Columbia Wellness is opening a new voluntary detox treatment and crisis services center that the managers say will give patients a better chance of beating addiction.
The Wellness and Recovery Center in Longview is set to open by mid-February, about two weeks later than had been expected. It offers much-needed drug and alcohol withdrawal management treatment and a crisis support unit, said CEO David McClay.
The services are a part of the organization’s efforts to make sure people get the help they need from start to finish.
“It’s a way of treating people in the community and ... spin them off on a different trajectory,” McClay said.
Columbia Wellness is a nonprofit agency that offers mental health, substance use disorder and crisis services in Cowlitz and Grays Harbor counties.
Cowlitz County has one of the highest percentages of overdoses per capita in the state, something McClay said Columbia Wellness is trying to help change.
“There’s a need in our community,” he said.
The facility includes eight withdrawal management beds and eight crisis beds. Those receiving withdrawal treatment will typically stay three to five days. Length of stay on the crisis side will depend more heavily on each individual’s needs. McClay said he expects beds to fill up quickly.
Cost of services will depend on each patient’s insurance, McClay said. Medicaid will likely cover the whole cost for low-income patients, while some plans may require a patient co-pay, he said.
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The facility is part of a multi-layered approach to care, McClay said. When they leave, clients will not be discharged to the streets, he said, and many receiving withdrawal services will go on to a rehabilitation facility for more treatment. Clients will also get reconnected with other providers and “get where they need to go,” McClay said.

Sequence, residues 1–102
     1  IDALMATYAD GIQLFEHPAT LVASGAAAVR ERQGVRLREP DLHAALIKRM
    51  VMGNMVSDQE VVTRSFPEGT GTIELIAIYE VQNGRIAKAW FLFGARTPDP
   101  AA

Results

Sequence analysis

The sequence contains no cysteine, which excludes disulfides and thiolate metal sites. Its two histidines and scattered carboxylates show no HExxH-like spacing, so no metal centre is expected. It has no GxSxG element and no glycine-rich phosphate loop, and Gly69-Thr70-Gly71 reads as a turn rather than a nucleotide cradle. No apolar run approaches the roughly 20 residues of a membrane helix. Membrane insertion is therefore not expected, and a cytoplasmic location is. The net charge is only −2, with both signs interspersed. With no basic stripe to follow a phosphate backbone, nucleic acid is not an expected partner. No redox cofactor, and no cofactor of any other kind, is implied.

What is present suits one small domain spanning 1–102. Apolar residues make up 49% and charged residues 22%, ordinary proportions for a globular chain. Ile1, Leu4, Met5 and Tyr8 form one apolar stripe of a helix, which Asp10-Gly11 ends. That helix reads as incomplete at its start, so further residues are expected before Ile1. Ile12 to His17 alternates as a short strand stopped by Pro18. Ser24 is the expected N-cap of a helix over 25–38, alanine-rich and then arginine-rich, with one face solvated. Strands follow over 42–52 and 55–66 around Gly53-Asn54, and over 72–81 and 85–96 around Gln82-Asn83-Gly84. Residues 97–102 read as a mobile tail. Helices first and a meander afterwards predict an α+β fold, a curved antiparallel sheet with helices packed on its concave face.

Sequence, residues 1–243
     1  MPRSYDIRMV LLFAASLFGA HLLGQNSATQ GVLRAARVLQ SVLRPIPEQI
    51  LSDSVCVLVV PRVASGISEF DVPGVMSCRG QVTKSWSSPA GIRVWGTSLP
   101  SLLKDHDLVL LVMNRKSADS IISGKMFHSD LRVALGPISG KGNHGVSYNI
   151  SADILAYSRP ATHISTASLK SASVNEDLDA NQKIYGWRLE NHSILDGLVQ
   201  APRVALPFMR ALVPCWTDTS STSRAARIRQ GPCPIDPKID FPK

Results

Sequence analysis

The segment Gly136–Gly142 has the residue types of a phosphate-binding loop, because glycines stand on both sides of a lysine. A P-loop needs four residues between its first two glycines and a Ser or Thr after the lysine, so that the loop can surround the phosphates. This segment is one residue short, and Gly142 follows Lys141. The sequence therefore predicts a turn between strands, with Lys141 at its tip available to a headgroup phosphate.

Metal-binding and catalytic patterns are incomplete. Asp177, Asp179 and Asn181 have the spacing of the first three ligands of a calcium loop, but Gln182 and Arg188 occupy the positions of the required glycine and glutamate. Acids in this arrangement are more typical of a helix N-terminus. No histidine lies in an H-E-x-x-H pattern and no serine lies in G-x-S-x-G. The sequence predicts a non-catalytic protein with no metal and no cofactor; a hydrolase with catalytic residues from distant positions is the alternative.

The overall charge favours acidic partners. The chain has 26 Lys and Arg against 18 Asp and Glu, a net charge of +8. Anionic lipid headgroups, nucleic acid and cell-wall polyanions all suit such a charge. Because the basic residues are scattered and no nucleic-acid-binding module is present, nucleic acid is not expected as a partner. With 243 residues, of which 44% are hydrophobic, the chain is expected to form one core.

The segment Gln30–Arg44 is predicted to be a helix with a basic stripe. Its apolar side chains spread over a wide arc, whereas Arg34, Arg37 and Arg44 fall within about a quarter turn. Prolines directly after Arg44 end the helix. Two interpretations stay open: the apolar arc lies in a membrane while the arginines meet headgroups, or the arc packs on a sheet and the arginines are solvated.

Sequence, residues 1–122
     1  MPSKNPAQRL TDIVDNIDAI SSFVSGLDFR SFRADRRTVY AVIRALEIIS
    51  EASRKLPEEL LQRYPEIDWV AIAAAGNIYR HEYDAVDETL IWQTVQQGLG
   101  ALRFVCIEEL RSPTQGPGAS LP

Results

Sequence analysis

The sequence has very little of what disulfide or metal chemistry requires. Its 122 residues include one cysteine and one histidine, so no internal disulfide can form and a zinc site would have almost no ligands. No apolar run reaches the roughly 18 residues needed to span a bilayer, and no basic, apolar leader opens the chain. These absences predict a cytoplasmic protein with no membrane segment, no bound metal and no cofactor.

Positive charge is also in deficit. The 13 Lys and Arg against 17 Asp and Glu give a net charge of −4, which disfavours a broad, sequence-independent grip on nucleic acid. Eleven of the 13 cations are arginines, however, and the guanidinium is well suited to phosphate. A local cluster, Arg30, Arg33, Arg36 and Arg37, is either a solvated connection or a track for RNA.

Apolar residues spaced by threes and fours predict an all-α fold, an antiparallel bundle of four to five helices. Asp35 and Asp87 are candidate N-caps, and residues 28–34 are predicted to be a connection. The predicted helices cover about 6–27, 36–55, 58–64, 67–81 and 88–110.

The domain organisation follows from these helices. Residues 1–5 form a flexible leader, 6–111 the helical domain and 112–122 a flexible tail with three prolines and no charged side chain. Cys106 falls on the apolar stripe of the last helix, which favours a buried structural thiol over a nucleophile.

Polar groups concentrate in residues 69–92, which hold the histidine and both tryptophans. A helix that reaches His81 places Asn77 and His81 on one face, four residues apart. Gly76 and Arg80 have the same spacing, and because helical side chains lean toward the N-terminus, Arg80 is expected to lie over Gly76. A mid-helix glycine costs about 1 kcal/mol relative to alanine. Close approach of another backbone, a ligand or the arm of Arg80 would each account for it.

“It’s important to realize it’s not one shoe fits all. We try to serve them in the way they need to be served,” McClay said.
The new facility is on the renovated ground floor of 720 14th Ave., a location the organization bought from Lower Columbia Pathologists in 2017. Children and family services are on the second floor.
The project was mostly funded by a $2 million U.S. Department of Commerce grant supporting a statewide attempt to expand mental health services, McClay said. The center was originally planned to open Friday but was delayed because it hadn’t received its state license, he said.
Columbia Wellness has hired 15 to 20 new staff members to run the facility, he said, including registered nurses. McClay said the state requires this type of facility to only have licensed practical nurses (LPNs), but they wanted to bring on higher-credentialed staff that can provide more services.
Chief operations officer Tina Slunaker said having RNs on staff will help keep people out of the hospital. Columbia Wellness works closely with PeaceHealth St. John, and she said the hospital is excited about this unit, too.
McClay said the facility should help alleviate congestion at the emergency room, where patients going through withdrawal or crisis often end up. Many also end up in jail or somewhere else their needs aren’t met, he said.
To help clients have a better chance of success, Columbia Wellness recently leased three houses to be run by Oxford House where residents can stay for 30 days to help ease their transition out of detox treatment, Slunaker said. The program should help prevent people from being discharged to the streets and back into bad situations, she said.
Quoting a Seattle peer counselor, McClay said, “You can detox people from drugs, but you also have to detox them from their lives.”